The Washington Post reports that the financial projections for a government-funded arts center, Artisphere, in Arlington, Virginia, don't seem to have panned out. Do they ever? The Post story sounds like all the previous stories about what happened after influential interest groups persuaded the taxpayers' representatives to give them money on the basis of reams of economic projections:
The Arlington County-funded arts center, which opened Oct. 10 last year in the Newseum’s former space, projected it would have 300,000 visitors in its first year. As of the end of last month, it had hosted about 90,000. And the venue for art, theater, film, music and more, whose build-out cost $6.7 million, had to request an additional $800,000 to supplement the $3 million appropriated for its first annual operating budget.
“Our original business plan had very aggressive projections,” says Executive Director Jose Ortiz....“In terms of those expectations, no, we didn’t make those.”
“One of the projections was that every performance was going to be at capacity,” he says. “For a brand-new facility, that’s impossible.”
Deja vu for sure. These economic projections for subsidized stadiums are always vastly overstated. And the Cato Institute has published a number of studies over the years looking at the issue, mostly with respect to athletic stadiums. Dennis Coates and Brad Humphreys wrote in a 2004 Cato study criticizing the proposed subsidy for Nationals Park in the District of Columbia, “The wonder is that anyone finds such figures credible.”
In “Sports Pork: The Costly Relationship between Major League Sports and Government,” Raymond Keating finds:
The lone beneficiaries of sports subsidies are team owners and players. The existence of what economists call the “substitution effect” (in terms of the stadium game, leisure dollars will be spent one way or another whether a stadium exists or not), the dubiousness of the Keynesian multiplier, the offsetting impact of a negative multiplier, the inefficiency of government, and the negatives of higher taxes all argue against government sports subsidies. Indeed, the results of studies on changes in the economy resulting from the presence of stadiums, arenas, and sports teams show no positive economic impact from professional sports — or a possible negative effect.
In Regulation magazine, (.pdf) Dennis Coates and Brad Humphreys found that the economic literature on stadium subsidies comes to consistent conclusions:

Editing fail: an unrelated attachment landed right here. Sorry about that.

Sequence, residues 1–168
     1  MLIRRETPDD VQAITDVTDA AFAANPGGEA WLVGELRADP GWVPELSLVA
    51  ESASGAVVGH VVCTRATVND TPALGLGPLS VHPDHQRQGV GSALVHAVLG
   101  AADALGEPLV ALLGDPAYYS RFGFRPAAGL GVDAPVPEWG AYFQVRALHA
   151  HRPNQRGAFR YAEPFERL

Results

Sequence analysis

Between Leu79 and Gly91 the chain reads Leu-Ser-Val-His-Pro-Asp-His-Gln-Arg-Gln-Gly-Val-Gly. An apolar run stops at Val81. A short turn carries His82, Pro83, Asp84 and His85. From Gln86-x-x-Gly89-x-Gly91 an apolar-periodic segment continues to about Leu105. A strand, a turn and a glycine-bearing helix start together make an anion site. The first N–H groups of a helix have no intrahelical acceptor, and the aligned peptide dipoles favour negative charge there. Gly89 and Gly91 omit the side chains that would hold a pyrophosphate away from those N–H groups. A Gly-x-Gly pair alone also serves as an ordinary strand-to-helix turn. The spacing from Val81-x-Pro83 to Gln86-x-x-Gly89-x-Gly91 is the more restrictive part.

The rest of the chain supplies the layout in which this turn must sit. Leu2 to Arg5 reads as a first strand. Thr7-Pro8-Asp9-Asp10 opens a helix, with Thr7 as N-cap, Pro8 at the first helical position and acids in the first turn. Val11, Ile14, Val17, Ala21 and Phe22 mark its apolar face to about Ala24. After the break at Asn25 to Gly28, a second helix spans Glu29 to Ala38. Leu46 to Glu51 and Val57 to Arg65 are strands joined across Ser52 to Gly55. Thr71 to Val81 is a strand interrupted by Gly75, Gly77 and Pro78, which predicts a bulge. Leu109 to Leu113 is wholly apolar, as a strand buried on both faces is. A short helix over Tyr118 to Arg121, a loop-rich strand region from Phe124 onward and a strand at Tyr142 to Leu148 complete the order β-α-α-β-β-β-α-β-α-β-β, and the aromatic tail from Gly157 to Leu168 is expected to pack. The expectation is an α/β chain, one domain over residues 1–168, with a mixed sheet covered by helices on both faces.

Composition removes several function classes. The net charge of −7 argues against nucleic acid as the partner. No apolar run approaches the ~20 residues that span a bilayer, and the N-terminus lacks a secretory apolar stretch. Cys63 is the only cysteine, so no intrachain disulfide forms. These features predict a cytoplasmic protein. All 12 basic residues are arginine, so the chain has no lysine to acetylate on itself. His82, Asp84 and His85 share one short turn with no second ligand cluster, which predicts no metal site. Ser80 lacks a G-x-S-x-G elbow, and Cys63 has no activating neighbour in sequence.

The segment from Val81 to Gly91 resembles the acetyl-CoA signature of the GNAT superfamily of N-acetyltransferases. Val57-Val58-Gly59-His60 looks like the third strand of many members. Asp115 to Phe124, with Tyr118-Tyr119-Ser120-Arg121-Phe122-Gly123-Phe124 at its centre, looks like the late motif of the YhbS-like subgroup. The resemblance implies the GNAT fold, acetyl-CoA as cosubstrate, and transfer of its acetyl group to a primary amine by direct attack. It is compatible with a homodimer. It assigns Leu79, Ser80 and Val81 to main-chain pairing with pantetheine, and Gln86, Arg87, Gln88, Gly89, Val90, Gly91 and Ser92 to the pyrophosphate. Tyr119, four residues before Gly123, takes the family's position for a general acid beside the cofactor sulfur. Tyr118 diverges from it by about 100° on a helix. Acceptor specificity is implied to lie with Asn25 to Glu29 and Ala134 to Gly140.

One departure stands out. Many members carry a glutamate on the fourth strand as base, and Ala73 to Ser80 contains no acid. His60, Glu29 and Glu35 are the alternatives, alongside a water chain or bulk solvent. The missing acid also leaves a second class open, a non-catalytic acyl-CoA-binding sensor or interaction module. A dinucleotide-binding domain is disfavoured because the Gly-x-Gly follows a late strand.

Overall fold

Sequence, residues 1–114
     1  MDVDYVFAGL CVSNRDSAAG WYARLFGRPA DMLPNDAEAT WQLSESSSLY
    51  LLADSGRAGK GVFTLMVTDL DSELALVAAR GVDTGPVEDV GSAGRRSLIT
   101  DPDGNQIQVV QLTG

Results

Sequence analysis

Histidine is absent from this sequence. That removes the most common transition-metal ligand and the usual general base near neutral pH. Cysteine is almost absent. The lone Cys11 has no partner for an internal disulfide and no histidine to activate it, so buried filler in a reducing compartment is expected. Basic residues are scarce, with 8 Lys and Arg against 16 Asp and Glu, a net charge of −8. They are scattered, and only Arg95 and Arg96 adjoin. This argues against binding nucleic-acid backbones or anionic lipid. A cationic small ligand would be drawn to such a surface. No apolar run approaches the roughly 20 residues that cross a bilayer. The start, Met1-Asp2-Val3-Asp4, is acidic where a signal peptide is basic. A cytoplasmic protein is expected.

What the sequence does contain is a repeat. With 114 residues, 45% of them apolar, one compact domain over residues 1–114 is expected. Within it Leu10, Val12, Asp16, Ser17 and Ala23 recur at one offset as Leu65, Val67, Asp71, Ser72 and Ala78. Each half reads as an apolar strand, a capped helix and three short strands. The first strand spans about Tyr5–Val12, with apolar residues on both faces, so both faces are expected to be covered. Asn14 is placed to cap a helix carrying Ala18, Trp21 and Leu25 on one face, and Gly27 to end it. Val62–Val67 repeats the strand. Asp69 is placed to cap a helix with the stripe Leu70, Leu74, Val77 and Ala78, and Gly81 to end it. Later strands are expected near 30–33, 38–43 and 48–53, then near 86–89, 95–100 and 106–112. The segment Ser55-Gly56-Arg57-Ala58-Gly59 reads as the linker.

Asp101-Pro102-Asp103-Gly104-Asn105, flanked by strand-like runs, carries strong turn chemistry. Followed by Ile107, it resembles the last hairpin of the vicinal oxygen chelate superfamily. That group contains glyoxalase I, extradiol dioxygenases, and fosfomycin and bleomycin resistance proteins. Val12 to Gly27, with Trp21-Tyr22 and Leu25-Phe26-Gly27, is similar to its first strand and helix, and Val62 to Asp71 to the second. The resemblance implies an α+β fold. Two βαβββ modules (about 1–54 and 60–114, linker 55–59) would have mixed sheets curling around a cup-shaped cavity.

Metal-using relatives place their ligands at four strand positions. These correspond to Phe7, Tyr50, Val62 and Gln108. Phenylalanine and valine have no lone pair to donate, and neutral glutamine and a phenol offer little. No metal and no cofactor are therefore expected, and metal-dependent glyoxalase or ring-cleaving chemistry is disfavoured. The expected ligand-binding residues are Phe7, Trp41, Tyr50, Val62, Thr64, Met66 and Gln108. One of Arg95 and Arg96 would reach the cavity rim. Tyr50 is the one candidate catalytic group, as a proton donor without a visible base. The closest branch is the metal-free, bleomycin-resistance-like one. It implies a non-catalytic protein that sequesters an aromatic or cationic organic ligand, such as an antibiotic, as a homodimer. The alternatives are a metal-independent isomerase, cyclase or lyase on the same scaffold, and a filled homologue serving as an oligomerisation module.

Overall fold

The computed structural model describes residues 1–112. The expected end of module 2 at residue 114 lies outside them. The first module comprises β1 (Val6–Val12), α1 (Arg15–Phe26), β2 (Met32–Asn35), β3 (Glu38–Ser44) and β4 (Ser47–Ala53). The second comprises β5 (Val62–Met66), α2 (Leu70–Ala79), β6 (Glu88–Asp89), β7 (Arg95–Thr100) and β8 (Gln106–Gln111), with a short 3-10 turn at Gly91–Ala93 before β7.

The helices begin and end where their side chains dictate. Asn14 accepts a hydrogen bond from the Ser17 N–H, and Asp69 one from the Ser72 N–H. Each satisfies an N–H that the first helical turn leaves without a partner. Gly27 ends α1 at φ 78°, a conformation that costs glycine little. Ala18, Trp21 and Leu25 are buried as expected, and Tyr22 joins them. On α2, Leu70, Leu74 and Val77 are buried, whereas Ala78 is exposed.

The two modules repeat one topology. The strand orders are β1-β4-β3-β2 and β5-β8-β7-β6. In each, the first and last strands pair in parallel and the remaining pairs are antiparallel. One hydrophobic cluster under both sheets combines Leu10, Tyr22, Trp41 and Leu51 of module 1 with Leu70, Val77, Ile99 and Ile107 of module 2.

The evidence suggests that attracting a professional sports franchise to a city and building that franchise a new stadium or arena will have no effect on the growth rate of real per capita income and may reduce the level of real per capita income in that city.
And in that 2004 study, “Caught Stealing: Debunking the Economic Case for D.C. Baseball,” Coates and Humphreys looked specifically at the economics of the new baseball stadium in Washington, D.C., and found similar results:
Our conclusion, and that of nearly all academic economists studying this issue, is that professional sports generally have little, if any, positive effect on a city’s economy. The net economic impact of professional sports in Washington, D.C., and the 36 other cities that hosted professional sports teams over nearly 30 years, was a reduction in real per capita income over the entire metropolitan area.
And yet millionaire owners and mayors with Edifice Complexes keep commissioning these studies, and council members and editorial boards keep falling for them. The Artisphere project was approved by the Arlington County Board in July of 2009. Was the county flush with money at the time? Well, not surprisingly, county officials were wringing their hands about the need to make cuts in late 2008, including "A detailed review of every service to determine what is mandated, what is essential to the community and what is discretionary." In February 2009 the Post reported budget cuts, including police positions. Maybe the next time Arlington County -- or any other state or municipality -- needs to cut its budget, it might think about cutting subsidies for money-losing venues before going after police officers, firefighters, and math teachers.